“Running from a life she didn't choose, in a city she doesn't know Sukanya, a young Thai girl, loses herself in the vastness of Tokyo. With her Bangkok street smarts, and some stolen money, she stays ahead of her former captors who will do anything to recover the computer she took. After befriending Chiho, a Japanese girl living in an internet café, Sukanya makes plans to rid herself of her pursuers, and her past, forever.
In Tokyo, street smarts aren't always enough
Meanwhile, Detective Hiroshi Shimizu leaves the safe confines of his office to investigate a porn studio where a brutal triple murder took place. The studio's accounts point him in multiple directions at once. Together with ex-sumo wrestler Sakaguchi and old-school Takamatsu, Hiroshi tracks the killers through Tokyo's music clubs and teen hangouts, bayside docks and byways, straight into the underbelly of the global economy.
As bodies wash up from Tokyo Bay, Hiroshi tries to find the Thai girl at the center of it all, whose name he doesn't even know. He uncovers a human trafficking ring and cryptocurrency scammers whose connections extend to the highest levels of Tokyo's power elite.”
Michael Pronko is a Tokyo-based writer and a professor of American Literature at a university there.
This was an interesting read. While it has the elements you’d want and expect to find in a crime thriller such as this, for me and probably many of those who will see this review the books like this you typically read are normally happening in the US, sometimes the UK or possibly Canada. While there are some differences in these places, the cultural differences between them and Japan, where Tokyo Traffic takes place, is significant. Those differences and how they are reflected in the story as well as how Detective Hiroshi Shimizu approaches getting to the bottom of the case made for a change of pace from your typical crime thriller. The story kept me engrossed, wondering how it was all going to shake out and worried about a few characters who were in danger throughout.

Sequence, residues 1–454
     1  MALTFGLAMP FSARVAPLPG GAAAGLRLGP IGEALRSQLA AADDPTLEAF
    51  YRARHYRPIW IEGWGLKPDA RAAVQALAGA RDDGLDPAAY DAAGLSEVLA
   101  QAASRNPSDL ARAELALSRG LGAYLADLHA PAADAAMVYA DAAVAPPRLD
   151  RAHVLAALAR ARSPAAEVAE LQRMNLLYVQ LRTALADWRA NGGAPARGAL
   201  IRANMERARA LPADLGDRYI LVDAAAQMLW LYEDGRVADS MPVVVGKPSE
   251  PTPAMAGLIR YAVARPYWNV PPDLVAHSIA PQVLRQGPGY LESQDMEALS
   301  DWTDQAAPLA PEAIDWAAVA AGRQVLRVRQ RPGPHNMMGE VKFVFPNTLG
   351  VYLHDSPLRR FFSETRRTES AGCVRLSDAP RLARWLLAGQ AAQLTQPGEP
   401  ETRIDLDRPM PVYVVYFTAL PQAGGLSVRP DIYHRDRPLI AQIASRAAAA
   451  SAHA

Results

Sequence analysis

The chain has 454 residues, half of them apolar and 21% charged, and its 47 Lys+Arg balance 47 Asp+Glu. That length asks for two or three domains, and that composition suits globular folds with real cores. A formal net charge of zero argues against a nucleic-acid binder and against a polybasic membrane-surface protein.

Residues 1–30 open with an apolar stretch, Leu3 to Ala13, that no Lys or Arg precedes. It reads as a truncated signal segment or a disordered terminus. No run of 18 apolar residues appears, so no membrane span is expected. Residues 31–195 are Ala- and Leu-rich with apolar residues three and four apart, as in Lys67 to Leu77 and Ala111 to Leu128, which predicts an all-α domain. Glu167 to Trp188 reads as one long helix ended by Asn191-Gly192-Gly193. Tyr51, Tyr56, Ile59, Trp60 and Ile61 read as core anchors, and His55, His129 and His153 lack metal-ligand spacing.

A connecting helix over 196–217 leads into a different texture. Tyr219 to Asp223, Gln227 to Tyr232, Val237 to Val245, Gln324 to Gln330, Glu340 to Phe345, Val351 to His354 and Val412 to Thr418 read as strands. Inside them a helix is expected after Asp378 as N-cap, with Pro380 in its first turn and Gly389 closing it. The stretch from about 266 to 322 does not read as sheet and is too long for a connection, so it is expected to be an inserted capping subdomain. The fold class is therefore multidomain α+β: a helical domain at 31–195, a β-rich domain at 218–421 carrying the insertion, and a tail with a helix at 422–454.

Adult subjects implied throughout, but never very explicit.
No significant issues.
Rating: **** Four Stars
Reviewed by: BigAl
Approximate word count: 85-90,000 words